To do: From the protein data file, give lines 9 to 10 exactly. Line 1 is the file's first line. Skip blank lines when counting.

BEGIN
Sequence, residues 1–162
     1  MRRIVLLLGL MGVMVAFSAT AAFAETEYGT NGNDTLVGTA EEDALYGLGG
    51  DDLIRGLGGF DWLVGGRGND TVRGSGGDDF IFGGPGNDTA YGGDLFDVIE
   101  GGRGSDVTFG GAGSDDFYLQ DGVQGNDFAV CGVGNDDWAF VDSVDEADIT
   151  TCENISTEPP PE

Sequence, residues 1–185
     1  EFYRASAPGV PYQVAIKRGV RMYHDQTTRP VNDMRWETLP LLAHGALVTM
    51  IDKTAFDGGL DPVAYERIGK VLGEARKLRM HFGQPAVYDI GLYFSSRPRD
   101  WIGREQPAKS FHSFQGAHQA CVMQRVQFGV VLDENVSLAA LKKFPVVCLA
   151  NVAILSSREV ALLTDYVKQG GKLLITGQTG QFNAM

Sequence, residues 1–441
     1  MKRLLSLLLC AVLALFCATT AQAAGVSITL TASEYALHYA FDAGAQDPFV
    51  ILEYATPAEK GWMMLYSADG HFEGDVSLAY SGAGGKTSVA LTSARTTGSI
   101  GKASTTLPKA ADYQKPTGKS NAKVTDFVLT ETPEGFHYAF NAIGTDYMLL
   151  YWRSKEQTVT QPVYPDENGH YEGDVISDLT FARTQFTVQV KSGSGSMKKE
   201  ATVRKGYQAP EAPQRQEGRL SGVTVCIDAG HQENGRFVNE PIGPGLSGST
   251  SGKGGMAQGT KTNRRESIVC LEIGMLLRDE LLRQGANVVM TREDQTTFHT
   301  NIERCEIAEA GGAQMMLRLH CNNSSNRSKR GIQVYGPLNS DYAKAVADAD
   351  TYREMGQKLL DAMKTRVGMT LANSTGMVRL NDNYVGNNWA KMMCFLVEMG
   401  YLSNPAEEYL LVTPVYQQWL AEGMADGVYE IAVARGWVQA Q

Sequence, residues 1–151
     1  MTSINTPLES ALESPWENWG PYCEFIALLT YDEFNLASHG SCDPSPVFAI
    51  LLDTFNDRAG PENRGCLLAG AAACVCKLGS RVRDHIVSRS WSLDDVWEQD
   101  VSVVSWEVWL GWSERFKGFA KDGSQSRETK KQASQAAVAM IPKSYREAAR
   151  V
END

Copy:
   101  WIGREQPAKS FHSFQGAHQA CVMQRVQFGV VLDENVSLAA LKKFPVVCLA
   151  NVAILSSREV ALLTDYVKQG GKLLITGQTG QFNAM